djmurray_12-31-14

A Nonsmoker's Observations on Dealing with Anxiety

Blog Post created by djmurray_12-31-14 on Jul 16, 2018

Good afternoon, all.  First of all, I love that I think of myself as a nonsmoker before I think of myself as a successful quitter (not that I don't love that, too).  Again, I know there are many here who don't know me at all, but it occurs to me that I have something to contribute from this perspective.  I know to an absolute certainty that for the first 66 years of my life (well, I wasn't smoking as a baby, but did start at 13) I thought the antidote to stress and anxiety was -- you got it -- smoking!!  It never occurred to me that I was smoking but the stress and anxiety didn't magically go away no matter how many cigarettes I smoked.  When I first quit 3.5 years ago, I realized that I had used smoking and the actual physical smoke to divert from dealing directly with emotions and issues.  It was something to do instead of facing these emotions and issues.

 

I retired on June 22 after doing a poor job of planning for retirement.  I'm five months away from turning 70 and truth be told it wasn't entirely my idea to retire.  I wasn't performing up to my own standards -- I was getting confused, making mistakes and missing things.  I had a wonderful manager who really tried to work with me, but in the end it was for the best.  And it relieved that constant stress of going to work every day thinking "what am I going to screw up today?"

 

But there are other stressors now.  Life is hard sometimes.  Emotions are heightened sometimes.  I am experiencing pretty high anxiety as my condo has been on the market for almost a month and I haven't gotten any offers, and we did an open house yesterday to which NO ONE showed up.  I am scheduled to move August 6 but had to take possession of the apartment I found in Richmond (where I'm moving to be near my daughter and her family) on July 3, so for July and now it looks like August, I'll be paying rent and my mortgage and my condo fee, which is crazy expensive.  I'm going to be living on my social security (which has been seriously diminished monthly because they take my Medicare Part B, on which I pay a penalty because I made too much money last year and my part D, also with a penalty).  I was going to have taxes taken out of it but I can't afford to.  I had hoped to get settled and look for a part-time job in Richmond in September, but I'm thinking I should start looking now.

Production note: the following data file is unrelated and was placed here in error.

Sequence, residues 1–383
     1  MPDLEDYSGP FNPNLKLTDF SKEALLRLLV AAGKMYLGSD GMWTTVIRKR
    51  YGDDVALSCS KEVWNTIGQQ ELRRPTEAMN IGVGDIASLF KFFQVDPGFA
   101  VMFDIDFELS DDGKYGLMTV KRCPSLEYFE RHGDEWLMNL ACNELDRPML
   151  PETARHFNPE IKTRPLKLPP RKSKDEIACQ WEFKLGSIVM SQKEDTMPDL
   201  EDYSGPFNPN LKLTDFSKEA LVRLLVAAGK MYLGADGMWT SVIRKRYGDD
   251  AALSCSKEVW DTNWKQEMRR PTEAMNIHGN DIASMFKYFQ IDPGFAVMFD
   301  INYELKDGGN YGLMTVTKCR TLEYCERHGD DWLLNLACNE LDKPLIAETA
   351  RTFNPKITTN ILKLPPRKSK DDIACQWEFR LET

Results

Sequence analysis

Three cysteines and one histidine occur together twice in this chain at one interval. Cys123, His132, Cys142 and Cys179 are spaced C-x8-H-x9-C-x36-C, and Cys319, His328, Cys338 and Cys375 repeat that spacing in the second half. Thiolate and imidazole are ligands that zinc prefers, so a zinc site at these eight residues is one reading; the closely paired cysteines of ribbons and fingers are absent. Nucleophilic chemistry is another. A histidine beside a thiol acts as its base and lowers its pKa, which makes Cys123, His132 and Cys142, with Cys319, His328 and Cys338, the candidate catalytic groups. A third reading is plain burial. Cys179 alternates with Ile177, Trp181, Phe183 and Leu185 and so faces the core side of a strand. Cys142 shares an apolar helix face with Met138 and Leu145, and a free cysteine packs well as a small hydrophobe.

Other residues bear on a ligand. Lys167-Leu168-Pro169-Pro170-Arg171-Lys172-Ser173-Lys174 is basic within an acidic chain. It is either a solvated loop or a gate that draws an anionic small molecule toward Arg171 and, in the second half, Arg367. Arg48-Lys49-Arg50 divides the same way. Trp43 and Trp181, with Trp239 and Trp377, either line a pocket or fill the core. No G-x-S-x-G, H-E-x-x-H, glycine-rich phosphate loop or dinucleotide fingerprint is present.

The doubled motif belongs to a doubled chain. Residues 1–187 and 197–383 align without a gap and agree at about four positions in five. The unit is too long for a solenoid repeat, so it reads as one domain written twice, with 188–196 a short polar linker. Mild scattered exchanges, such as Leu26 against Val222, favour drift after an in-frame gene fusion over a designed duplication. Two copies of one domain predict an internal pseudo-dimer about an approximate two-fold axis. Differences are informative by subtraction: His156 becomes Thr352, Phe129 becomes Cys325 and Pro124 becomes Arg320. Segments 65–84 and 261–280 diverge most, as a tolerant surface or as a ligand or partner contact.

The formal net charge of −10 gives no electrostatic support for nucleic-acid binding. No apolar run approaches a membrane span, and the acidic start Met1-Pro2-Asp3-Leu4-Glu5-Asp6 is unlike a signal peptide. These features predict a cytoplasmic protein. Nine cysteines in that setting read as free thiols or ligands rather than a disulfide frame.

So the point of all this background is that I am not worrying about losing my precious quit, even though I will be around more smokers when I move.  My daughter and most of her friends are smokers, and I wondered if it would tempt me.  But having spent almost a week down there for the 4th of July, I know my quit is solid.  I grasped very early in this quit that I am not deprived by not smoking.  Smoking was NEVER my friend, even though I wouldn't have believed it for decades of my smoking as much as I could.  I smoked 3 packs a day from the time I was 18 to 40.  From 40 to 64 I smoked roughly 2 packs a day because you couldn't smoke everywhere all the time anymore.  Then for the last couple of years I smoked it was 1 pack a day when I decided I would only smoke outside and you pretty much couldn't smoke anywhere.  I am so lucky I have lungs left, never mind that I have COPD and require oxygen.

 

So, to old friends and new ones, know that we are stronger than the little addict we have in our brain.  He or she will always be there and will spend more and more time asleep.  Don't be surprised if you run into a new situation, a new emotion or a new stressor to hear a little voice in your brain reminding you that you'll feel better if you smoke. That's just an echo of an old voice and we can smile and say "I know that isn't true.  Go back to sleep."  And then we go back to dealing with life.  As nonsmokers.

Outcomes